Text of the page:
With new year’s resolutions perhaps on their second wind, and summer approaching, you may be considering a new diet. Maybe this is a reboot of the diet you started at the beginning of January. Or maybe you saw a new fad diet online that promises quick results just in time for bathing suit season. But before you fall into this trap, you should know that current research shows that yo-yo dieting could hurt your heart.
What is yo-yo-dieting?
Yo-yo dieting is a pattern of losing weight and gaining it back repeatedly. There is inconclusive evidence to show that yo-yo dieting impacts future weight gain and metabolic health. In fact, a 2017 study shows that weight loss efforts, no matter how many times they are repeated, should continue to be encouraged in those who are overweight or obese.
However, this does not mean though that you should strive to be a yo-yo dieter. This is because recent research shows that yo-yo dieting could impact heart health. A 2019 study looked at 500 women with an average age of 37 years old.
Study results show that women who lost 10 pounds and gained that weight back within a year were more likely to have heart health problems. Also, the more they yo-yo dieted, the more at risk they were for heart disease. Researchers suggest that this may happen because when a person loses weight, they lose some lean muscle mass. And when they gain weight back, they often gain fat in place of this muscle. Over time, this may cause a build-up of fat in the abdomen, which can increase heart health risk.
About a heart healthy diet
Instead of yo-yo dieting, you can protect your heart by following a heart healthy diet. This means lots of fiber-rich and antioxidant-rich fruits, vegetables, and whole grains like oats, quinoa, nuts, and seeds. In addition, this means consuming lean protein at meals and snacks, eating plenty of healthy plant-based fats like avocado and olive oil, as well as limiting alcohol intake. Focusing more on consuming a balanced diet that is nutrient-dense is better for your heart than countless cycles of fad diets and weight gain.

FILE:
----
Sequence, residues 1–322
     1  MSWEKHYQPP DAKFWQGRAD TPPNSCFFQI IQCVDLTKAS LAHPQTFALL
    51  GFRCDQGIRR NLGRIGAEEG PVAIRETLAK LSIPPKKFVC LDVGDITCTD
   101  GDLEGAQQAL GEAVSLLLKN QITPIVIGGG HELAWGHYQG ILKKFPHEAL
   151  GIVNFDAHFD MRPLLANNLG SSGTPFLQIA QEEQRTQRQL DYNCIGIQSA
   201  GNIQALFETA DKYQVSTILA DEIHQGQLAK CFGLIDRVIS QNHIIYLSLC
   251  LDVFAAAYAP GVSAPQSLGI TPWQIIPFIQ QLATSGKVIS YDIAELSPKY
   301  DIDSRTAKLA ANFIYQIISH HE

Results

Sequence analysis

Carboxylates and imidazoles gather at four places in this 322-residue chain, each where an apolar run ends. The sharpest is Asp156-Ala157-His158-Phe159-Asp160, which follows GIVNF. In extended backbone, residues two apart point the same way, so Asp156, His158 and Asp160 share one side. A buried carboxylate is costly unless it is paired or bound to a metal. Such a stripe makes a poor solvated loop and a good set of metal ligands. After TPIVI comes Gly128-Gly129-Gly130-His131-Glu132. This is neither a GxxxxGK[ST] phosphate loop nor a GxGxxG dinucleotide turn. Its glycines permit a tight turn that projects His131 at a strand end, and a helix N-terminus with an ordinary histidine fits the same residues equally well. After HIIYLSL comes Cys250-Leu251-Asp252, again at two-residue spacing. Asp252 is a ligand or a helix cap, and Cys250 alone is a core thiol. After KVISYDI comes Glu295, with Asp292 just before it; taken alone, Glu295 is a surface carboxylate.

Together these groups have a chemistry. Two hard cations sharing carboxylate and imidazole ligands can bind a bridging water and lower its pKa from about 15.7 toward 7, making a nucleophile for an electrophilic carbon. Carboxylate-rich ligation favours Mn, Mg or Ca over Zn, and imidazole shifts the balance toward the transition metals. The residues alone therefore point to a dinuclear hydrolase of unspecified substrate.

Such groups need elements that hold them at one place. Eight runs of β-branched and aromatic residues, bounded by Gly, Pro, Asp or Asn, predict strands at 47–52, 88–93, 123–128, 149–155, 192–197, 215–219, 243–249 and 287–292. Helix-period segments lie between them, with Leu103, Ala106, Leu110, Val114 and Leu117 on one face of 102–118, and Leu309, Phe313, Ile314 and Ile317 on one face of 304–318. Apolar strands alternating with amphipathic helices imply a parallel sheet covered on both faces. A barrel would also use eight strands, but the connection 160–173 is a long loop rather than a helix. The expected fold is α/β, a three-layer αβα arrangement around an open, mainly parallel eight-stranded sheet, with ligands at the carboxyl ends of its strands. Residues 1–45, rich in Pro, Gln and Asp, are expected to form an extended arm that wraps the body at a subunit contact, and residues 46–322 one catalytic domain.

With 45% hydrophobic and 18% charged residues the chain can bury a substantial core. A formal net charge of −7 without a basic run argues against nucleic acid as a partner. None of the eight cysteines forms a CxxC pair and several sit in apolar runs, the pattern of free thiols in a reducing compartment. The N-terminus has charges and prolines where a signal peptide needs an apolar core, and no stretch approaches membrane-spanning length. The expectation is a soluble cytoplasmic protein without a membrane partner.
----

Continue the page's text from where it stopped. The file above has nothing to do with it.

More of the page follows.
Other ways to help your heart
Besides a heart healthy diet, read below for other things you can do to help your heart.
- Move more: Exercise is not only good for helping you to manage weight, but is also great for your heart. You should try to move at least 30 minutes a day for most days of the week for the most benefit. This movement should be of moderate intensity. This means that when you move, your breathing quickens, but you’re not out of breath. This includes brisk walking, gardening, or light aerobics for example.
- Stress less and quit smoking: Stress and smoking are two lifestyle behaviors that can contribute to increased blood pressure. This is because they can constrict blood vessels and make it harder for blood to flow in the body. Therefore, if you smoke, use resources such as those on Smokefree.gov to try to quit. And if you’re stressed, try to talk to someone like a friend, loved one, or counselor. You can also use relaxation breathing, yoga, or meditation to help with stress.
- Visit your doctor often: It’s important to visit your doctor at least once a year, or more if you have a chronic health condition. This will help you keep track of your numbers like blood pressure, triglycerides, cholesterol, and blood glucose levels. In turn, this can help you catch any heart health problems in the early stages and treat them before they cause serious issues.
- Add a heart healthy supplement: If you are already following a low stress, smoke-free, heart healthy eating and lifestyle plan, then that’s great. However, if you want to further enhance the benefits of such a lifestyle, you can try a heart healthy supplement like Alestra by Vita Sciences. Alestra contains ingredients like niacin, plant sterols, and garlic to maintain healthy cholesterol levels and promote heart health.
-written by Staci Gulbin, MS, MEd, RD of LighttrackNutrition.com
American Heart Association (August 15, 2015) “The American Heart Association’s Diet and Lifestyle Recommendations.”
Dictionary.com (accessed March 11, 2019) “Yo-yo dieting.”
Gordon, S. (March 7, 2019) “Yo-Yo Dieting Can Take a Toll on Your Heart.” HealthDay
Mackie, G.M., Samocha-Bonet, D., and Tam, C.S. (March-April 2017) “Does weight cycling promote obesity and metabolic risk factors? Obesity Research and Clinical Practice, 11(2): 131-139.
Mayo Clinic (June 9, 2018) “Is yo-yo dieting making you fat.” Mayo Clinic online
Mayo Clinic (June 12, 2018) “Exercise intensity: how to measure it.” Mayo Clinic online
University of Michigan: Michigan Medicine (June 28, 2018) “Stress Management: Breathing Exercises for Relaxation.” https://www.uofmhealth.org/health-library/uz2255